Move from mechanisation to ‘robotisation’ means that growing systems will need to change
Emerging pre- and post-harvest technology will be key to the future profitability of UK top-fruit growing, Adrian Scripps managing director James Simpson told last month’s GrowQuip industry event.
"We still have too many humans in our business and we are prepared to invest to displace labour," he said. "Kit has been built around the driver, but if you take the driver out you can have smaller robotic machines — look at automatic mowers. We will move from mechanisation to ‘robotisation’, but that means changing our growing system."
Already the Kent-based company has planted a concept orchard intended to be automatically harvested. "For monitoring and picking, this means we need all the fruit visible in a single plane. A worker can pick a third to half-a-tonne an hour. Robots can’t match that yet, but will get there, maybe in six years’ time. You want to make sure the apple is picked at the abscission layer and there are vacuum harvesters that do this by sucking the apples off the tree."
In all, he added, "There are as many as 40 different applications in fresh produce including drones that map fields, spraying robots and rigs that harvest from all directions. We will continue to invest in anything that will drive this forward."
Following a £2.5m investment in 2013, a "pre-grader" sorts bins of freshly picked fruit to specific grades based on size, weight, internal quality, sugar content and external quality, he explained. "We have the only machine in Europe that can do all this. It’s a robot in the sense that it does it all autonomously. Imperfect apples are no use to us. We don’t have many and those we have don’t make us money."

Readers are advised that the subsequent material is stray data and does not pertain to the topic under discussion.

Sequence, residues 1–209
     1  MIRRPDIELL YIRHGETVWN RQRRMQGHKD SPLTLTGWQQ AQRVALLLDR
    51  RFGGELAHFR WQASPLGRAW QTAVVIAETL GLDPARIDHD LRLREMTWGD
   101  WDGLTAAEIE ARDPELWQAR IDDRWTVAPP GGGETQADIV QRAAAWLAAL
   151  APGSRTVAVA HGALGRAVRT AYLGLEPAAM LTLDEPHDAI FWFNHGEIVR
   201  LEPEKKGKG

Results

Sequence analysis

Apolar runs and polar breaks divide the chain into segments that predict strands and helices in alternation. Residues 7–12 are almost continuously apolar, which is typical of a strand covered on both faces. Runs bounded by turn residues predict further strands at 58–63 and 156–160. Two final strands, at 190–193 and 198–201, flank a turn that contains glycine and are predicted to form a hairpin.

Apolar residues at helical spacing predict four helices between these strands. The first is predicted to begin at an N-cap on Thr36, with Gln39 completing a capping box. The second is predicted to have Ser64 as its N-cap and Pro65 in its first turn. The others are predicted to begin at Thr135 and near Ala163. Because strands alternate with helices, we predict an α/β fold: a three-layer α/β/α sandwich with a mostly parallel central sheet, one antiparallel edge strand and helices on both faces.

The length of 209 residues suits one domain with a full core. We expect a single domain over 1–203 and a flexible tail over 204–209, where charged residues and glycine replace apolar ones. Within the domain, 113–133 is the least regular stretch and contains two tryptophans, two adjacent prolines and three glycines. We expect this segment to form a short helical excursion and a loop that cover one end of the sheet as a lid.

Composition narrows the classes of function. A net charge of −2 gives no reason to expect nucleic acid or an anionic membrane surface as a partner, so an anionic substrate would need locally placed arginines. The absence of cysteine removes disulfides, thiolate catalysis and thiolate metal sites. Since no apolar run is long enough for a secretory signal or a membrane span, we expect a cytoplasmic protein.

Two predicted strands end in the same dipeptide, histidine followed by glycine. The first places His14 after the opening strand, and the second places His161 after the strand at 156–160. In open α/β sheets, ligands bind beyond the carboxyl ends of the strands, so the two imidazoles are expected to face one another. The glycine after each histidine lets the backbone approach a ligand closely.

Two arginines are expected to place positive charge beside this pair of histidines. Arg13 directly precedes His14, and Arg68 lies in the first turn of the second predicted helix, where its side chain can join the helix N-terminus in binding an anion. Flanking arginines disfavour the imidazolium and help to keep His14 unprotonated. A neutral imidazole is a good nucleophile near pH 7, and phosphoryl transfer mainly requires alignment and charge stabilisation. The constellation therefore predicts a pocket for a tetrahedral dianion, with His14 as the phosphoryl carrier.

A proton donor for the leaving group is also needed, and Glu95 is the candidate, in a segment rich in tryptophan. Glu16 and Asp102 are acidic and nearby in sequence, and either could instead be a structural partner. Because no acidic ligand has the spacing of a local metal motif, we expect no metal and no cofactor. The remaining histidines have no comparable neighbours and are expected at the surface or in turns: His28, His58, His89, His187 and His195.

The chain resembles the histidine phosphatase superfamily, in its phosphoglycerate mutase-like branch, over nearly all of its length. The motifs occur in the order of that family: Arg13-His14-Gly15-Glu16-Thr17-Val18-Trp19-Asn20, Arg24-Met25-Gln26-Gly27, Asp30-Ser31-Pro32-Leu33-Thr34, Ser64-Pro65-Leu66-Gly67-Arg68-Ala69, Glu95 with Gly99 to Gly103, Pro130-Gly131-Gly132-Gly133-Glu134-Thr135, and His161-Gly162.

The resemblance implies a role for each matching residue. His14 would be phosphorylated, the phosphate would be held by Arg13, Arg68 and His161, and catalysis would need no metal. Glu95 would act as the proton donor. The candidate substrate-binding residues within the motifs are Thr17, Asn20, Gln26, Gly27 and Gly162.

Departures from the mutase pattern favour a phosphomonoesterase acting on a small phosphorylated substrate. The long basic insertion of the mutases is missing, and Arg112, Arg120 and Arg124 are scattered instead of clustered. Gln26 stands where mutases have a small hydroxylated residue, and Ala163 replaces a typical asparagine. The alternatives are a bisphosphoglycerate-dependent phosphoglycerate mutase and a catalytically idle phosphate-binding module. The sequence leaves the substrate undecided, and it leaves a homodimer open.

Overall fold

Its central centralised storage and packing site, has 65 controlled atmosphere chambers that each hold up to 300 tonnes of fruit for six-to-eight months depending on variety. "You can harvest Gala on three farms on the same day and they will have different storage requirements. You stress the apple then put it to sleep."
Simpson: explained at GrowQuip how guiding philosophy to be part of the solution has helped grow turnover
This involves taking out carbon dioxide and replacing oxygen with nitrogen, while the fruit’s skin colour is also monitored as an indicator of stress, with conditions adapting accordingly throughout the time in store.
Geared largely to supplying fruit to Tesco, "we grow what they want, from orchard conception to delivery", said Simpson. "Our guiding philosophy is to be part of the solution." This has helped it grow to a £12m turnover, supplying blackcurrants, combinable crops and even wine grapes as well as apples and pears.
A culture of innovation goes back to the company’s founder in the 1950s, he added. "As a first-generation grower, Adrian Scripps himself had no preconceived ideas. He was a time-and-motion guy who favoured simple solutions done well on a large scale."